In mid-January, General Berti, commander of the Italian legions in Spain informed the Caudillo on behalf of Mussolini of the latter’s dislike of the way in which Franco was conducting operations. The Duce reaffirmed the Italian commitment to render assistance for a limited period of four or six months, but on the condition that there was a reshuffle of the command for the sake of greater efficiency and that units be co-ordinated better. It was spelled out clearly to Franco ‘that henceforth more heed than hitherto should be paid to Italian military advice.’ Both Count Ciano’s diary and German diplomatic correspondence of the time testify to the Duce’s irritation with the fact that the Italian volunteer corps was condemned to kick its heels in idleness. This inactivity was indicative of Franco’s disdain for the fighting capabilities of Italian troops. And at a time when England was becoming more insistent as to the withdrawal of volunteers, Franco showed himself to be almost ready to dispense with these troops.

In late February 1938, Germany gave Franco to understand that her military aid depended not merely on her goodwill, but also upon how things went on the Non-Intervention Committee, and she was insistent about the need to strike a definitive blow against the enemy. Franco’s response was as follows:

‘Regrettably, the regrouping in the wake of the Northern campaign has taken longer than anticipated. The delay has been occasioned solely by the fact, kept secret from the outside world, that guerrilla fighting has persisted, especially in Asturias, until very recently. After the capture of Gijón there were still 18,000 men under arms scattered about the region: only very recently have the last of them been captured, roughly 2,000 men with machine-guns and 1,500 rifles. It is for this reason that the enemy has managed to seize the initiative and, thanks to a miscalculation by our command, scored initial successes in Teruel that have prevented the launching of the December offensive against Madrid. This I set out some time ago in a letter to Mussolini. Once again the military situation has swung back in our favour. The reds have taken very heavy losses in Teruel. Their reserves are used up and their morale shattered.’[39]

In that dispatch, Franco spells out his intentions to launch an offensive south of the Ebro, which, in the event of its success, would be followed up by further operations in the North, with the ultimate objective of bringing the war to a successful conclusion.

Following the 9 March offensive, the awful air raids on Barcelona took place. A propos of the 18 March air raids, which made a tremendous impact in London, the German diplomatic correspondence notes that ‘to the great outrage of Franco’ the raids had been ordered by Mussolini personally. On page 150 of Count Ciano’s diary, we find the following entry:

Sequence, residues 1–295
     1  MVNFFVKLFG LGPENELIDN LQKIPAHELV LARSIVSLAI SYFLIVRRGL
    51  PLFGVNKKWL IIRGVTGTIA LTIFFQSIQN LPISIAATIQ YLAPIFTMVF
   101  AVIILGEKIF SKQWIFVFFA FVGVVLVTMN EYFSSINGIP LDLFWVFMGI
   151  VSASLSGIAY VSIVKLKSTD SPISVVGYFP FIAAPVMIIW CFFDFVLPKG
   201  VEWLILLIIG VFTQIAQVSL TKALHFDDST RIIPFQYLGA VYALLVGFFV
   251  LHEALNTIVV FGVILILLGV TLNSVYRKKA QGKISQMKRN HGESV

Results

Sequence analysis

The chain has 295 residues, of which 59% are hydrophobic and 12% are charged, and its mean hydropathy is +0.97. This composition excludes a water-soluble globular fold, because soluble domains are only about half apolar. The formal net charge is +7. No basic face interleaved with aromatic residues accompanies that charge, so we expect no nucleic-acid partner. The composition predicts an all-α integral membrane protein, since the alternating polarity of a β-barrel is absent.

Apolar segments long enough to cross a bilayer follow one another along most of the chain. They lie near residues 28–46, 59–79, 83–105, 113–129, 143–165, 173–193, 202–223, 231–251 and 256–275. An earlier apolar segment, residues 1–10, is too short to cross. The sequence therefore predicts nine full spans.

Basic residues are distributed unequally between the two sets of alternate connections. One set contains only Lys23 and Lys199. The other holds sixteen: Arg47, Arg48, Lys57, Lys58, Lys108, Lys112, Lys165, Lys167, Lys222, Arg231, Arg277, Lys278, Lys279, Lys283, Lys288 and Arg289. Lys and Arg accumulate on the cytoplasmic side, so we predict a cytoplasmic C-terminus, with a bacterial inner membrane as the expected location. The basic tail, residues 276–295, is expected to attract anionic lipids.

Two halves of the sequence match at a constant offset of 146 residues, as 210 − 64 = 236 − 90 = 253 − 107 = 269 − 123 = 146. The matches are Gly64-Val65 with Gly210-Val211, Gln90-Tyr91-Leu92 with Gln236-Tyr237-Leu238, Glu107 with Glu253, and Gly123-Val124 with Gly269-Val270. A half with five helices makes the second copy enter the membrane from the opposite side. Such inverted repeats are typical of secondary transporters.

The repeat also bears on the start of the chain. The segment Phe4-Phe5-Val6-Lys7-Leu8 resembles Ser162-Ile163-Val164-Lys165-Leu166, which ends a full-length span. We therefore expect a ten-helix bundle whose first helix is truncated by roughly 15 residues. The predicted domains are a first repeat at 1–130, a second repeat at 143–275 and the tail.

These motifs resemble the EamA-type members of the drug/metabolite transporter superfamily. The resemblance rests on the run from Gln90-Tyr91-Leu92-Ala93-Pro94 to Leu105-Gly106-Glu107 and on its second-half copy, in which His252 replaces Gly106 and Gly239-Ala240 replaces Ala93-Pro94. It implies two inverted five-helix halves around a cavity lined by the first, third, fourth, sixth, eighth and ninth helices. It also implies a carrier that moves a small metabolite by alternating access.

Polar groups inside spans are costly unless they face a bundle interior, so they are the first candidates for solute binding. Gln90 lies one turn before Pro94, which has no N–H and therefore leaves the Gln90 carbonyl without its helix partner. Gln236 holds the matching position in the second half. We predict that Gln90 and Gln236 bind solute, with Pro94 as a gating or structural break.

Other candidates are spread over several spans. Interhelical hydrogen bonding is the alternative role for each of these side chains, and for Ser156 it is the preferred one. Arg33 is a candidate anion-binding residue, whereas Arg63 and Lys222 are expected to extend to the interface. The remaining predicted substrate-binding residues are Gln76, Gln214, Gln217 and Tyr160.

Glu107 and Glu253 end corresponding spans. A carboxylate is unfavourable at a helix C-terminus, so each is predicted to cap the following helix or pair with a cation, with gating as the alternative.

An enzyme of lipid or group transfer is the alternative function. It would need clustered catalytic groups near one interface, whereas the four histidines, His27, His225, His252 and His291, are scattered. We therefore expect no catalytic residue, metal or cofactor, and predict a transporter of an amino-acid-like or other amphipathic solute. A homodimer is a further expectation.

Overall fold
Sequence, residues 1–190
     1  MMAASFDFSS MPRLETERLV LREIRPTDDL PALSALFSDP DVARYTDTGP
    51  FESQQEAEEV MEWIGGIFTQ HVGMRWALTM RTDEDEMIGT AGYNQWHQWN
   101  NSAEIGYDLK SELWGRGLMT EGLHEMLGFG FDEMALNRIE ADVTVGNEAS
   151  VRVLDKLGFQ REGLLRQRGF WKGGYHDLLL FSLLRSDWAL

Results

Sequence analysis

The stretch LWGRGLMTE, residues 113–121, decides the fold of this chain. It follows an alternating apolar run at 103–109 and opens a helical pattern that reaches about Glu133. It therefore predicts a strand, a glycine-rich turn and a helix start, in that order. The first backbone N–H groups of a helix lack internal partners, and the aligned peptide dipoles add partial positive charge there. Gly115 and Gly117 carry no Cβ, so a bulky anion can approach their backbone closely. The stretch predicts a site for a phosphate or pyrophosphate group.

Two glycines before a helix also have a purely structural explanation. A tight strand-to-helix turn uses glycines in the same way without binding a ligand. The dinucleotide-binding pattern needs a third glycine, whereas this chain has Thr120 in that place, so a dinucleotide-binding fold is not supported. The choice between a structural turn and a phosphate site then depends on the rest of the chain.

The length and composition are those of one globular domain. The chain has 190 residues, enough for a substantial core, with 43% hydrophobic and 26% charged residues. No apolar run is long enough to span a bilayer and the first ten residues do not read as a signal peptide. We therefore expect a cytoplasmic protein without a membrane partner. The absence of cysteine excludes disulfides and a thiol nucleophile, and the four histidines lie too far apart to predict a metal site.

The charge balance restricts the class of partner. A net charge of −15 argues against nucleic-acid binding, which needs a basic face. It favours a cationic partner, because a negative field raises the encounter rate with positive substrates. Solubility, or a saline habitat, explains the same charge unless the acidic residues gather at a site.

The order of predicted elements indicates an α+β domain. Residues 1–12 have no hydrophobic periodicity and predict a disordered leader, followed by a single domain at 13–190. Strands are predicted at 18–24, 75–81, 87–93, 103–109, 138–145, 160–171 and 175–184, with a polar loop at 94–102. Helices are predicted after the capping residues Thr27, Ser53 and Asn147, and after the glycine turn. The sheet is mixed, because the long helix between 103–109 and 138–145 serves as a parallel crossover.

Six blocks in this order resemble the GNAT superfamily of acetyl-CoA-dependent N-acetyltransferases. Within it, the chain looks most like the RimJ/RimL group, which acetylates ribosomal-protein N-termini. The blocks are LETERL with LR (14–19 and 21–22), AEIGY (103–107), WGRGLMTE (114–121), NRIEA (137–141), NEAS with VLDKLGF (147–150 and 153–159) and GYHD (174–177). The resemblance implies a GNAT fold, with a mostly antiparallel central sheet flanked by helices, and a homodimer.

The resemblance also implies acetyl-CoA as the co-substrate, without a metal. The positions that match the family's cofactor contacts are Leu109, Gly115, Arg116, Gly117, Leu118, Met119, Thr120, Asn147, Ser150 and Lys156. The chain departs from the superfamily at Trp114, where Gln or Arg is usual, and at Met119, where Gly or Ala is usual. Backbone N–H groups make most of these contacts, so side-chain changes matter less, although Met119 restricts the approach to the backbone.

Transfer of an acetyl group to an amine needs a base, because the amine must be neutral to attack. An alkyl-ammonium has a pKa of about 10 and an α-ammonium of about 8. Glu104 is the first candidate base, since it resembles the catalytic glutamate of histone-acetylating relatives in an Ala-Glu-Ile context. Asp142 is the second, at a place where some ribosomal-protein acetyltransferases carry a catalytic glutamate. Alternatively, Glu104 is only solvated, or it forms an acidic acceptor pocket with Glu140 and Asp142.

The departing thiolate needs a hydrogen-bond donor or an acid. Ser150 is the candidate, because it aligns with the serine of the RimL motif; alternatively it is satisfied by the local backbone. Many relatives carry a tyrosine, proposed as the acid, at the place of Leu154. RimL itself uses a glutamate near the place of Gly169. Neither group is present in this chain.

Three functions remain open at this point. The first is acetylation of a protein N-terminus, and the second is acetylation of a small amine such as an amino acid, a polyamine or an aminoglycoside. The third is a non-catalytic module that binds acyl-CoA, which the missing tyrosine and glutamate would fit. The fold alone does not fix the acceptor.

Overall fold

‘Perth (the British ambassador in Rome) this morning handed me a note in which our attention is called to the bombing raids on Barcelona, it being added that this could create a climate unhelpful to the continuation of the Italian-British negotiations. I replied that the operational initiative belongs to Franco and not to us. That we could exercise our moderating influence but without committing ourselves to that effect. As Perth alluded to possible French intervention, I stated roundly that we in our turn would have recourse to more vigorous measures. The truth concerning the Barcelona raids is that Mussolini himself gave the order for them to Valle in the Chamber some minutes prior to delivering his speech on Austria. Franco who was wholly ignorant of this yesterday requested that they be suspended for fear of complications abroad. Mussolini believes that these air raids have a very efficacious impact on the reds’ morale at a time when troops are advancing in Aragón. He is right. When I briefed him about Perth’s approach, it had not the slightest effect on him and indeed he expressed his satisfaction at seeing Italians inspire panic on account of their aggression, Italians who, not long ago, were appreciated only as mandolin-players. In his estimation, this increases our standing in German eyes which prefer total and ruthless war.’[40]

One of the most obscure aspects of Franco’s 9 March push was the abrupt halt of the advance into Catalonia. There are grounds enough to rule out any allegedly insurmountable republican resistance. Likewise we can dismiss the argument that the invading forces were spent since the offensive lasted and swept all in its path, albeit that it was diverted towards Levante. Bearing in mind Catalonia’s strategic importance, given that it was then the seat of the republican government, that the bulk of the Republic’s war industries were based there, given its border with France and given that it was the principal bulwark of anti-fascism, the paralysis of the Francoist advance along the Noguera Pallaresa, the Segre and the Ebro, when faced by an enemy who was all but a spent force, cannot but be telling. The Francoist army’s experienced commanders could not have made such a mistake of tactics which dispelled chances of immediate victory and doomed them to another year’s war.